The glossary provides an explanation of places, groups, vernacular terms and events discussed in the TRC hearings.
Select 'references' to view references to each term in transcripts, lists and the Final Report.
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|collaborator||an informer or 'sell-out'; one who agreed to collaborate with the state or security forces||References|
|comrades||UDF and ANC supporters, civilian and combatant||References|
|councillors||Conflict between local councillors and political activists intensified in townships around the country during the 1980s, as pressure mounted on councillors to resign their positions on councils created under the Black Local Authorities Act and without popular support. Councillors who refused to resign risked attacks on their homes, families and business premises.||References|
|Cradock Four||Four Eastern Cape UDF activists were abducted and assassinated by members of the security police on 27 June 1985 as they drove back to Cradock from a meeting in Port Elizabeth. The four were Matthew Goniwe, Sparrow Mkonto and Fort Calata from Cradock, and Sicelo Mhlauli from Oudtshoorn. Before their deaths, all had been frequently detained, tortured and harassed by the police. Their deaths sparked a national outcry and resulted in street protests in many regions across the country.||References|
|Delmas treason trial||Twenty-two Transvaal UDF leaders were tried for treason in January 1986. Eleven were convicted in December 1988 and were given sentences from five to 11 years' imprisonment. The Appellate Division overturned the convictions at the end of 1989.||References|
|Dikwankwetla National Party (DNP)||ruling party of the QwaQwa homeland administration, headed by Mr Kenneth Mopeli||References|
|drive-by shootings||Between January and October 1993, 139 people were killed in drive-by shootings and attacks on taxis in communities across the East Rand. Gunmen opened fire from fast moving cars, often shooting indiscriminately at people. This strategy was adopted by the IFP and other political groupings, and was designed to sow terror in the hearts of communities. Many such attacks were directed at mourners gathered at night vigils. All the shootings were marked by repeated allegations that the police failed to respond to calls for assistance, sometimes allegedly allowing the killers to drive through townships for several hours.||References|
|Duncan Village||Violence erupted in Duncan Village, outside East London, following the funeral of slain Durban-based UDF leader Victoria Mxenge in nearby Rayi villageon 11 August 1985. Returning mourners carried out arson attacks on various buildings including the rent office, schools, a beerhall, a bottle store and a community centre. That evening, rampaging youths swept through the Ziphunzana area of the township, singing freedom songs. All six community councillors' homes were burnt down and homes of police officers and suspected collaborators were also attacked. Violence continued on the following days with looting and burning of commercial and delivery vehicles, and running battles between youths and members of the security forces, who resorted to deadly force to restore order in the area, arresting many injured people as they were being treated at a local church aid centre. Five people were dead by 14 August. By 16 August, the toll had risen to 19 people dead and 138 injured. ||References|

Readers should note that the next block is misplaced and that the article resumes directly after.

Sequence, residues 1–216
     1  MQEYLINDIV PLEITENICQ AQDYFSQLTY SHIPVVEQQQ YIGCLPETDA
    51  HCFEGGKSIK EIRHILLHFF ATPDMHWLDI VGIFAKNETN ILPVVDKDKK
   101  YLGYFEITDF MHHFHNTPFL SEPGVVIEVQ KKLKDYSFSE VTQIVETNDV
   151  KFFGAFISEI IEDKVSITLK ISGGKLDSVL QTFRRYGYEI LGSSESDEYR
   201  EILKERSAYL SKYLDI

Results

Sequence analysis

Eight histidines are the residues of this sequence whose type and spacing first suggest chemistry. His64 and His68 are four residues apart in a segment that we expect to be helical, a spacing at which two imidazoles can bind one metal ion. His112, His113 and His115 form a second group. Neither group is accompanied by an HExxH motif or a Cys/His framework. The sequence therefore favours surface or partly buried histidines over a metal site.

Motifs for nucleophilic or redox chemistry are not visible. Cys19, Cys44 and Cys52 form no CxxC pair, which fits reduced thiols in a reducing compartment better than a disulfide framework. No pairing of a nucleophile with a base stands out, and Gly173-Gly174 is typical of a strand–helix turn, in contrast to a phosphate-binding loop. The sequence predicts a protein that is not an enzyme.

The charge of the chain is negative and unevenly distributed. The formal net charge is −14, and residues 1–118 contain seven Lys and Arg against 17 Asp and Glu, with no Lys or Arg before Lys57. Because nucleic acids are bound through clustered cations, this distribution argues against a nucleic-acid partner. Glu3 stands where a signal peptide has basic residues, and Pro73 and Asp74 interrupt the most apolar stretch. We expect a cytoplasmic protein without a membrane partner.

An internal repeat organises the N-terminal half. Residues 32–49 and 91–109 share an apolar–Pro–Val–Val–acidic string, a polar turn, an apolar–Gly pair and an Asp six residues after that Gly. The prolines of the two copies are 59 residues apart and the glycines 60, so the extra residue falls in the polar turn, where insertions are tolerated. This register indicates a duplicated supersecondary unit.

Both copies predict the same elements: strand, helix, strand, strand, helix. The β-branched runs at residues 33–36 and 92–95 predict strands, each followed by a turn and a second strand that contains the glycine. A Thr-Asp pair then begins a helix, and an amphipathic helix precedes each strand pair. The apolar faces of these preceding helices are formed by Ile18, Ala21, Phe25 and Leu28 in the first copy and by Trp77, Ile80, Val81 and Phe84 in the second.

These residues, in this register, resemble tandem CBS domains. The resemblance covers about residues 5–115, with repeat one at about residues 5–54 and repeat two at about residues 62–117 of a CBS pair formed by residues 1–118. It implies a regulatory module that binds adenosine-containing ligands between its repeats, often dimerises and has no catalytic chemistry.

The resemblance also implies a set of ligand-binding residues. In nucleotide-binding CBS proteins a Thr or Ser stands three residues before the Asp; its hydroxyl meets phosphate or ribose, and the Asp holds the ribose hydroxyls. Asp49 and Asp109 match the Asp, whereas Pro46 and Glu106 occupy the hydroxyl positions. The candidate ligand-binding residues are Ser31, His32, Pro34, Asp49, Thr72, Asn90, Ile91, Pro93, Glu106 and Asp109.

|Eagles Club||a state-sponsored vigilante youth organisation in the OFS, opposed to the UDF and ANC ||References|
|East Rand violence||From mid-1985 until the early 1990s, East Rand townships experienced some of the most violent conflict ever experienced in the PWV area. Train violence, taxi violence, conflict between township residents and hostels, between ANC self-defence units (SDUs) and IFP self-protection units (SPUs) and the activities of the Khumalo gang resulted in an unprecedented number of deaths and injuries. Covert operations by security force members also contributed to a general escalation of violence in the region. The security forces repeatedly ignored warnings of impending attacks and frequently refused to become involved in what it termed the 'black-on-black' conflict. They were accused by many of orchestrating and fanning conflict in order to undermine and weaken the recently unbanned ANC. ||References|